When music makes a scene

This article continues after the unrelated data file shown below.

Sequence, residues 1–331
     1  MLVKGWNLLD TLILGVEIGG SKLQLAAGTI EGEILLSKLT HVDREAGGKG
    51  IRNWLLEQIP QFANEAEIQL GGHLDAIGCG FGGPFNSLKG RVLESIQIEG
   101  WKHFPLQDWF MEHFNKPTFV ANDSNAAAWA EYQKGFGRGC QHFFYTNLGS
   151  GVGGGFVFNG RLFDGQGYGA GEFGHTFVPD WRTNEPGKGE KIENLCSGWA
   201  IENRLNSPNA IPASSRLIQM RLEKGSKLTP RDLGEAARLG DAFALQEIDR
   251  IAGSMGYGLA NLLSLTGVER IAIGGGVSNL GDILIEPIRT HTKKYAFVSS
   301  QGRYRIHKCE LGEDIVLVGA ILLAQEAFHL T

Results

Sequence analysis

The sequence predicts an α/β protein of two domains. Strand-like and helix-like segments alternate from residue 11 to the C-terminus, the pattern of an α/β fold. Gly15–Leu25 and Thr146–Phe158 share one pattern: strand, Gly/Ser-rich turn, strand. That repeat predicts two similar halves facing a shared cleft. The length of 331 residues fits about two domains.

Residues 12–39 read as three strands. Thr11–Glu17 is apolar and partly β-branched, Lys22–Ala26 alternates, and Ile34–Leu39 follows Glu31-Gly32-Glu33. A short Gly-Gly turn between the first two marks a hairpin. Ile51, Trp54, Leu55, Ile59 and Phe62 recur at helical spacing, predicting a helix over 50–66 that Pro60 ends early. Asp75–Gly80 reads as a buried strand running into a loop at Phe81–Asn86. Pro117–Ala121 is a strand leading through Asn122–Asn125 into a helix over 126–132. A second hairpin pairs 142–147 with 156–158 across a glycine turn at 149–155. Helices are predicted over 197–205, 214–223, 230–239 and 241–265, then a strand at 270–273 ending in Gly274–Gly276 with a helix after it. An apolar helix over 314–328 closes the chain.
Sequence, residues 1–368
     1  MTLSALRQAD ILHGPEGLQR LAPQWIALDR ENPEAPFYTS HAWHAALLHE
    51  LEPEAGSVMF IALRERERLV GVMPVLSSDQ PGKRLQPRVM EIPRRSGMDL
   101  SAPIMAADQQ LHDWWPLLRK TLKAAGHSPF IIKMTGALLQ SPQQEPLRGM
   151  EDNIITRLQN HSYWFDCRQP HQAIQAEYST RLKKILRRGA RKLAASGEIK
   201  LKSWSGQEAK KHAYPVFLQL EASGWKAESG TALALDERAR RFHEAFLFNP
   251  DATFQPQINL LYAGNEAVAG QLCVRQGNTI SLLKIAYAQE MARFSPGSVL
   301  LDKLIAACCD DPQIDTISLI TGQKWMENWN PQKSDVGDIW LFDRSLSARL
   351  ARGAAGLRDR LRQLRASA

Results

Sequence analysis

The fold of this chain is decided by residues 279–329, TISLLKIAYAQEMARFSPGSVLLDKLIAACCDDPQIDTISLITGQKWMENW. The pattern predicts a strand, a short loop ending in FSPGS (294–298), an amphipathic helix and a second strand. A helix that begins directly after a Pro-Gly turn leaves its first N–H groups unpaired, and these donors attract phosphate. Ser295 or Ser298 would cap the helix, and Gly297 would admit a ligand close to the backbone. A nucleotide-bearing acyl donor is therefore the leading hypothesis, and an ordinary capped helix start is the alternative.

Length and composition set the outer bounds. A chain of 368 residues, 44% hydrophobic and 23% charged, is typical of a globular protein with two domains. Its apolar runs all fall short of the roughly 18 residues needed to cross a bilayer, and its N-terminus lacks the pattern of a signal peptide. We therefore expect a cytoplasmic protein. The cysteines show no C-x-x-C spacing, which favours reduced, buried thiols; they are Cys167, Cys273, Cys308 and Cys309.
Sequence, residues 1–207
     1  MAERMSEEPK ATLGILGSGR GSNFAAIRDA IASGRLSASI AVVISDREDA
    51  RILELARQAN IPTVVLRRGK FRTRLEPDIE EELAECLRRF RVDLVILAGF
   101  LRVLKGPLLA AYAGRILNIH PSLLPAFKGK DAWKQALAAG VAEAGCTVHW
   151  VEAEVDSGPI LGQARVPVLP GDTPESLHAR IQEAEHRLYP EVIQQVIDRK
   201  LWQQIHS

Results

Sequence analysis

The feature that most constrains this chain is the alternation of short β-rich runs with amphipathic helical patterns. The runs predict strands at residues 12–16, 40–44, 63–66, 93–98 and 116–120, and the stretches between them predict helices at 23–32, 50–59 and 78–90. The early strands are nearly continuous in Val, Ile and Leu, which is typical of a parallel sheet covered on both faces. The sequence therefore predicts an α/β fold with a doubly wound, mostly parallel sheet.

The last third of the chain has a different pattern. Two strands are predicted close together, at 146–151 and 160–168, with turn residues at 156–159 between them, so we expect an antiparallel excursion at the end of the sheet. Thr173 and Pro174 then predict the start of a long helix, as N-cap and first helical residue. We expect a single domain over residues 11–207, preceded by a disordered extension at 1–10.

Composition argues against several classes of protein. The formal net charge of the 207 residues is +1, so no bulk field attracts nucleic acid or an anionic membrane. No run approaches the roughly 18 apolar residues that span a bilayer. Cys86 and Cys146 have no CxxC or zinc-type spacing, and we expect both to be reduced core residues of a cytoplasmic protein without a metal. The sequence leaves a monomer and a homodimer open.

Music frequently occurs as an important reinforcing and meaning-creating element in multimodal human experiences. This way, cross-modal connotative associations are established, which are actively exploited in professional multimedia productions. A lay user who wants to use music in a similar way may have a result in mind, but may lack the right musical vocabulary to express the corresponding information need. However, if the connotative associations between music and visual narrative are strong enough, characterizations of music in terms of a narrative multimedia context can be envisioned. In this article, we present the outcomes of a user study considering this problem. Through a survey for which respondents were recruited via crowdsourcing methods, we solicited descriptions of cinematic situations for which fragments of royalty-free production music would be suitable soundtracks. As we will show, these descriptions can reliably be recognized by other respondents as belonging to the music fragments that triggered them. We do not fix any description vocabulary beforehand, but rather give respondents a lot of freedom to express their associations. From these free descriptions, common narrative elements emerge that can be generalized in terms of event structure. The insights gained this way can be used to inform new conceptual foundations for supervised methods, and to provide new perspectives on meaningful and multimedia context-aware querying, retrieval and analysis.